I ran into a little gotcha today, using Sequel. I’m writing an importer, you know the kind: read record from database A, apply some transformations, write to database B. No rocket science required. But, Sequel has a little gotcha that stumped me for a bit. My script looked like this:


1 DBa = Sequel.connect ""
2 DBb = Sequel.connect ""
3
4 class APerson < Sequel::Model(DBa[:people])
5 end
6
7 class BContact < Sequel::Model(DBb[:contacts])
8 end
9
10 contacts = Hash.new
11 APerson.all.each do |person|
12 contact = BContact.create(
13 :name => person.last_name + ", " + person.first_name,
14 :tenant_code => ENV["TENANT_CODE"],
15 :updated_by => "import",
16 :updated_at => Time.now)
17 contacts[ person.id ] = contact.contact_id
18 end
19
20 # Now I can map A’s IDs to the correct value in database B, such as
21 # for attaching email addresses, phone numbers, etc.

The Contact model in the B database is declared like this:


1 create_table :contacts do
2 column :tenant_code, :integer, :null => false
3 column :contact_id, :serial, :null => false
4 column :name, "varchar(240)", :null => false
5
6 primary_key [:tenant_code, :contact_id]
7 foreign_key [:tenant_code], :tenants
8 end

Notice tenant_code and contact_id are part of the primary key. I don’t write to contact_id because I want the sequence’s value to be returned to me. But I must write my own value to the tenant_code column. I was receiving an exception on the #create call:


1 /Users/francois/.rvm/gems/ruby-1.9.2-p180/gems/sequel-3.25.0/lib/sequel/model/base.rb:1491:in `block in set_restricted’: method tenant_code= doesn’t exist or access is restricted to it (Sequel::Error)
2 from /Users/francois/.rvm/gems/ruby-1.9.2-p180/gems/sequel-3.25.0/lib/sequel/model/base.rb:1486:in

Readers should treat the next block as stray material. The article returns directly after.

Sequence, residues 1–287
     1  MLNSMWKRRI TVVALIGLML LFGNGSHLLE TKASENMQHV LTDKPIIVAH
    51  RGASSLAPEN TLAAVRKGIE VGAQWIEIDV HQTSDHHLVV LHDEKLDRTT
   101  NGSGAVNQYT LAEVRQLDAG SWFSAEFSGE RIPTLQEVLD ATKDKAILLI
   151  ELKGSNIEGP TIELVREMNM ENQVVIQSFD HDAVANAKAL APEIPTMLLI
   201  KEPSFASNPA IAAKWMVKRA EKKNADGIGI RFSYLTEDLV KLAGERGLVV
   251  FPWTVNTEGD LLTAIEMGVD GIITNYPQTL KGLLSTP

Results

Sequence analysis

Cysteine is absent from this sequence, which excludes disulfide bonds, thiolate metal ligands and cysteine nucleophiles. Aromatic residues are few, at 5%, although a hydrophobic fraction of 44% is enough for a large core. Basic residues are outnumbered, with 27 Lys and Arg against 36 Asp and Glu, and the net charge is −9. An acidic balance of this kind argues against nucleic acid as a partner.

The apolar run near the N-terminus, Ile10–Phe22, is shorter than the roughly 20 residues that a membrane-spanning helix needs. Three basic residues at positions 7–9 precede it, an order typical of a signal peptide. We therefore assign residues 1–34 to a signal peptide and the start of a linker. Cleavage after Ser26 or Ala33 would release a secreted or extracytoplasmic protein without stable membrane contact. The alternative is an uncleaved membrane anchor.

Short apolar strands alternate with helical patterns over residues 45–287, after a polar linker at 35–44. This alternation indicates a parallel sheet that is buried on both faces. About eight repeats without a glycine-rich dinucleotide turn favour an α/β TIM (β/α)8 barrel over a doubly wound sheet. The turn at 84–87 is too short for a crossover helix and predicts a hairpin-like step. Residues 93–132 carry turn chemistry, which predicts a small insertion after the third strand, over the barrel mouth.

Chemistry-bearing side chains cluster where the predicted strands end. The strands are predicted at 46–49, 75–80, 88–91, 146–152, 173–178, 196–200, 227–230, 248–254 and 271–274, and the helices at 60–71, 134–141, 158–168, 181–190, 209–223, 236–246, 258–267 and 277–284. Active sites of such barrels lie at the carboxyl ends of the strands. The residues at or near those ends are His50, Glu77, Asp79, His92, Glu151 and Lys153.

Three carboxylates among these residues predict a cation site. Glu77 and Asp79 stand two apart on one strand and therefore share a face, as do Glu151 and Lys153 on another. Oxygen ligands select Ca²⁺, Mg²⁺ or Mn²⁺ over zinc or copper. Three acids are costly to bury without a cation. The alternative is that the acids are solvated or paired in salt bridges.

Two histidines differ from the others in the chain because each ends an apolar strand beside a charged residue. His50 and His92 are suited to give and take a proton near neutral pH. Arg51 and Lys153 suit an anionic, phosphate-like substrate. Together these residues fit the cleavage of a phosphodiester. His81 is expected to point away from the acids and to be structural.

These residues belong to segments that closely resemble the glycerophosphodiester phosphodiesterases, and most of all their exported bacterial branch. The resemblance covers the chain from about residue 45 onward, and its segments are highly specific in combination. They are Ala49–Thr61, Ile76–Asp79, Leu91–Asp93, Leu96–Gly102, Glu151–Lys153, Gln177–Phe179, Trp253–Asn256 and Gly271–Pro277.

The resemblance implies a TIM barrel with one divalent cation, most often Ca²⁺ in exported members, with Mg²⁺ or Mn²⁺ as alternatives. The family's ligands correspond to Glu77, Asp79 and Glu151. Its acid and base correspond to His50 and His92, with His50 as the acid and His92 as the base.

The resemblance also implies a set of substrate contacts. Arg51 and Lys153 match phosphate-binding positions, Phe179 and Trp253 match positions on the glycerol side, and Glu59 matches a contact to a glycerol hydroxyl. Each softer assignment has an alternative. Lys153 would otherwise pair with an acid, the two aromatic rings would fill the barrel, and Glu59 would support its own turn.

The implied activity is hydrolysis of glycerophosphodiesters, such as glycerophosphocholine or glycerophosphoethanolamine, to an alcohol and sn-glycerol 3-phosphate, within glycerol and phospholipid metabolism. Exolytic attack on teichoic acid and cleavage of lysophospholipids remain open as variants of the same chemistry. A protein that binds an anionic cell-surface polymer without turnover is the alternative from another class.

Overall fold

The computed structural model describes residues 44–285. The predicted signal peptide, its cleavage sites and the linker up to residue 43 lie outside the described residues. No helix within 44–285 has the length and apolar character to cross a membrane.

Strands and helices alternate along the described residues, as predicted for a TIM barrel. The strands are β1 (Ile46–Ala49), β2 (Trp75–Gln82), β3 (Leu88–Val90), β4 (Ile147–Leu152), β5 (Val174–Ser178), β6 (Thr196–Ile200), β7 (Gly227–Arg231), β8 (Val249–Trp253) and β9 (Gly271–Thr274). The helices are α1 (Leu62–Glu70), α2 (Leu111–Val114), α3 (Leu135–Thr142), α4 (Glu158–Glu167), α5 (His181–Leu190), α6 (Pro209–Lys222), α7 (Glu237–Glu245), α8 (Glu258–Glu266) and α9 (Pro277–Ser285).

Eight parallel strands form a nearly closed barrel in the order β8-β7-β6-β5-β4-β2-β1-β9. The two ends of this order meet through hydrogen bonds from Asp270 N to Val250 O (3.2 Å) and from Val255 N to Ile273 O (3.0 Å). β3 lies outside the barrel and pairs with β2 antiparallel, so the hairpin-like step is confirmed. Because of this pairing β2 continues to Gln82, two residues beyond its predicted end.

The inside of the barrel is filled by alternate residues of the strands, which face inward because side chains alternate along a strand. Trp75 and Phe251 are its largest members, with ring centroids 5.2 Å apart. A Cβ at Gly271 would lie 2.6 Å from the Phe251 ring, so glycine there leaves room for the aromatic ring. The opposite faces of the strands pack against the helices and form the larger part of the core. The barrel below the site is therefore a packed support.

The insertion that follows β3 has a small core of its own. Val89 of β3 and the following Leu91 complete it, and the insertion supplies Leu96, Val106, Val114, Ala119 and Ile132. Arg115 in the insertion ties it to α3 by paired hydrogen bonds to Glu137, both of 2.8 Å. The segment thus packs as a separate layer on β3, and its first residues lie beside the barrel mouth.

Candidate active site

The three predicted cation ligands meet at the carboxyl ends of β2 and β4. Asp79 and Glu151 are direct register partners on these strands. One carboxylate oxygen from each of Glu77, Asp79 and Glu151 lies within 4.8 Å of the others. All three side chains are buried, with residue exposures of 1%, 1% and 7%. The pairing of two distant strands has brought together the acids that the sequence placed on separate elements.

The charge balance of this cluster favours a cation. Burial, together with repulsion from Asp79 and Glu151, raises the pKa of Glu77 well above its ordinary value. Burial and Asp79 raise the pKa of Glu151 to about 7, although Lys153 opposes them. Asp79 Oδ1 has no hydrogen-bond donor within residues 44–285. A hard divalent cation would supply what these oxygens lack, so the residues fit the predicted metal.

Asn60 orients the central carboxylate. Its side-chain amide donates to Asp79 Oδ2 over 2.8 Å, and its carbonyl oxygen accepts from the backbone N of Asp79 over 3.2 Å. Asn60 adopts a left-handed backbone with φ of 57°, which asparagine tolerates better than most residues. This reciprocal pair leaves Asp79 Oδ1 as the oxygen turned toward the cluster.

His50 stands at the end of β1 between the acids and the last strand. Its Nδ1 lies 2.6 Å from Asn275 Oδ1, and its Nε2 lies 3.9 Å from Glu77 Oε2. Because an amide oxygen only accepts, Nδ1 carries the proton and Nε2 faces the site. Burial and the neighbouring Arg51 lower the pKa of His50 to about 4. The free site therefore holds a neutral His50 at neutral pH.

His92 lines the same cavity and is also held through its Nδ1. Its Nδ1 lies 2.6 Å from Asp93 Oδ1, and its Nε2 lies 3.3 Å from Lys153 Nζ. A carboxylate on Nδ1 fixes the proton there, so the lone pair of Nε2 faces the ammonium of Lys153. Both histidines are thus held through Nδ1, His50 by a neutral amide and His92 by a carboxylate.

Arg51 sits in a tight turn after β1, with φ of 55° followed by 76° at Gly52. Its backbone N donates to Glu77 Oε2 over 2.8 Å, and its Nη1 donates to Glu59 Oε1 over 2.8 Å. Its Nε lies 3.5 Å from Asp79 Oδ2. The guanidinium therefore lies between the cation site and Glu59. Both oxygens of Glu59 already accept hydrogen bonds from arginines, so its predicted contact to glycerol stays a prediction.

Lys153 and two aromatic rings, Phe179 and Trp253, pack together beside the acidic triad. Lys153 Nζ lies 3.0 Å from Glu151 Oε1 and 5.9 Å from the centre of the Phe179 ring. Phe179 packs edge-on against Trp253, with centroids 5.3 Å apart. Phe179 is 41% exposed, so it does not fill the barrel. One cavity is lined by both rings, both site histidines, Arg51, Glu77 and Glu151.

`
each
3 from /Users/francois/.rvm/gems/ruby-1.9.2-p180/gems/sequel-3.25.0/lib/sequel/model/base.rb:1486:in `set_restricted

4 from /Users/francois/.rvm/gems/ruby-1.9.2-p180/gems/sequel-3.25.0/lib/sequel/model/base.rb:1077:in `set’
5 from /Users/francois/.rvm/gems/ruby-1.9.2-p180/gems/sequel-3.25.0/lib/sequel/model/base.rb:1456:in
`
initialize_set
6 from /Users/francois/.rvm/gems/ruby-1.9.2-p180/gems/sequel-3.25.0/lib/sequel/model/base.rb:764:in `initialize

7 from /Users/francois/.rvm/gems/ruby-1.9.2-p180/gems/sequel-3.25.0/lib/sequel/model/base.rb:134:in `new’
8 from /Users/francois/.rvm/gems/ruby-1.9.2-p180/gems/sequel-3.25.0/lib/sequel/model/base.rb:134:in
`
create
9 from /Users/francois/.rvm/gems/ruby-1.9.2-p180/gems/sequel-3.25.0/lib/sequel/model/base.rb:248:in `find_or_create

10 from script/import:65:in `block (2 levels) in <top (required)>’
11

I was very much stumped, and turned to the excellent documentation. I eventually found my way to #set_all, and changed my code accordingly:


1 APerson.all.each do |person|
2 contact = BContact.new.set_all(
3 :name => person.last_name + ", " + person.first_name,
4 :tenant_code => ENV["TENANT_CODE"],
5 :last_updated_by => "import",
6 :last_updated_at => Time.now)
7 contacts[ person.id ] = contact.contact_id
8 end

Even though the Sequel RDoc says #set_all ignores restricted columns, I was still receiving the same exception. I was now doubly stumped, until I found a reference to #unrestrict_primary_key. I added the declaration to BContact and was able to proceed:


1 class BContact < Sequel::Model(DBb[:contacts])
2 unrestrict_primary_key
3 end

You know the drill though: where you import one model, you’ll have more to import shortly. Ruby to the rescue!


1 class Sequel::Model
2 # Open classes win every time!
3 unrestrict_primary_key
4 end

Problem solved!

Search

Your Host

A picture of me

I am François Beausoleil, a Ruby on Rails and Scala developer. During the day, I work on Seevibes, a platform to measure social interactions related to TV shows. At night, I am interested many things. Read my biography.

Top Tags

Books I read and recommend

Links

Projects I work on

Projects I worked on